Mar 8, 2024 - Technology

Sam Altman returns to OpenAI's board

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Animated illustration of the OpenAI logo turning into six question marks arranged in a circle.

Illustration: Brendan Lynch/Axios

OpenAI on Friday announced CEO Sam Altman would be returning to the company's board, along with three new outside board members. The moves come as OpenAI wraps an external investigation into the events that led to his brief ouster last year.

Why it matters: The company has been looking to move past its dramatic leadership crisis of last November.

Driving the news: Open AI's board also added three women to its ranks — Sue Desmond-Hellmann, former CEO of the Bill and Melinda Gates Foundation; Nicole Seligman, former EVP and general counsel at Sony Corporation; and Fidji Simo, CEO and chair of Instacart.

  • "We are excited and unanimous in our support for Sam and Greg [Brockman]," OpenAI chair Bret Taylor said on a conference call with reporters.

Catch up quick: Altman was abruptly fired as CEO and then rehired over a several-day span in which the firm's board said it had lost trust in him but nearly the entire company threatened to quit unless he was reinstated.

  • Microsoft, OpenAI's primary financial backer, announced it would hire Altman and others from OpenAI to lead a new research unit in the event of his departure. As Axios first reported, Microsoft only learned of Altman's firing a minute before the rest of the world.
  • In bringing Altman back, OpenAI also announced a new interim three-person board led by former Salesforce executive Bret Taylor, along with Larry Summers and Adam D'Angelo, co-founder of Quora and one of the members of the previous board who had supported Altman's ouster.

What they're saying: "I'm pleased this whole thing is over," Altman said on a call with reporters, noting that it has been painful to see people with an agenda leak things.

  • In response to a question from Axios about how OpenAI will change going forward, Taylor said, "We did adopt a number of governance enhancements," highlighting a whistleblower hotline and a new mission and strategy committee on the board.
  • "The mission has not changed, because it is more important than ever before," Taylor added.
  • "Having said that, I did learn a lot from this experience," Altman told reporters.

Between the lines: Altman's critics are likely to be dismayed by Altman's return to the board, as they see that as making it harder for employees to raise concerns in the future. They're also likely to be disappointed that only a summary of the investigation is being released.

What they found: The investigation by the WilmerHale law firm determined, per a summary provided by OpenAI, that "the prior Board acted within its broad discretion to terminate Mr. Altman, but also found that his conduct did not mandate removal."

  • "The prior Board believed at the time that its actions would mitigate internal management challenges and did not anticipate that its actions would destabilize the Company," the summary says.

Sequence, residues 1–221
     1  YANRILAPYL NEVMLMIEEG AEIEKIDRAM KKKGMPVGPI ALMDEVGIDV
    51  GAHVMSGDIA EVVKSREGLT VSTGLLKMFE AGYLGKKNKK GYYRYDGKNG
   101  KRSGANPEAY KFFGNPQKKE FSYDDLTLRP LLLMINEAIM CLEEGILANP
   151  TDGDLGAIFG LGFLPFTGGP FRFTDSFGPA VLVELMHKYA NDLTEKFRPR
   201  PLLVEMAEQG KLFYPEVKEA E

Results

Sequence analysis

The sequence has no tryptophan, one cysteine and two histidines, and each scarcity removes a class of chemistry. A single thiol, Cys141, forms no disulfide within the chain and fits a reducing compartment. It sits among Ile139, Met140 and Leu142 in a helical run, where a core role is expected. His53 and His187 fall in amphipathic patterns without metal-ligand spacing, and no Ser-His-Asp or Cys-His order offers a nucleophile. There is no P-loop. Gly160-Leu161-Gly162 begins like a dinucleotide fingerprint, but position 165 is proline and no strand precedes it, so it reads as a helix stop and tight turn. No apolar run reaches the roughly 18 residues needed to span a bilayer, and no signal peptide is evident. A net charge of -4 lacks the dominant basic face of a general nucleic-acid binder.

• "The prior Board's decision did not arise out of concerns regarding product safety or security, the pace of development, OpenAI's finances, or its statements to investors, customers, or business partners," the summary reads. "Instead, it was a consequence of a breakdown in the relationship and loss of trust between the prior Board and Mr. Altman."
  • OpenAI confirmed to Axios that it is not revealing more about the investigation beyond what's in the blog post.

"I'm very thankful to Bret and Larry [Summers] and WilmerHale for doing such a thorough investigation," Altman said on a call with reporters.

  • Altman also praised CTO Mira Murati for her work. Murati served briefly as acting CEO after Altman's firing.

The intrigue: Those critical of Altman had been hoping the investigation would thoroughly examine Altman's past actions.

  • But as the inquiry went on Altman's critics worried that the investigation may not have been structured to elicit candor, especially from current employees who might fear reprisals if not granted confidentiality.

One of the key questions for the new board will be whether it makes any changes to the company's current structure, which has OpenAI run as a non-profit with a for-profit subsidiary with investors, including Microsoft.

  • While the old board's concerns were with Altman and not the company's technology, the board saw a big part of its role as ensuring the company's technology was developed safely, regardless of business concerns, according to sources familiar with the old board's thinking.

Taylor told reporters the company is not done expanding the board and will continue to look for people who bring additional perspectives.

  • "The board is not done enhancing the governance of this organization," Taylor said.

The other side: The two board members who exited after Altman's reinstatement issued a statement on X (formerly Twitter) reiterating the concerns they raised during the investigation.

  • "As we told the investigators, deception, manipulation and resistance to oversight should be unacceptable," Helen Toner and Tasha McCauley said.
  • They urged the new board to uphold the company's mission, while wishing them and OpenAI's employees success. "Accountability is important in any company but it is paramount when building a technology as potentially world-changing as AGI," the two said."

Read here for the full timeline of the OpenAI board saga.

Editor's note: This is a breaking news story and will be updated.

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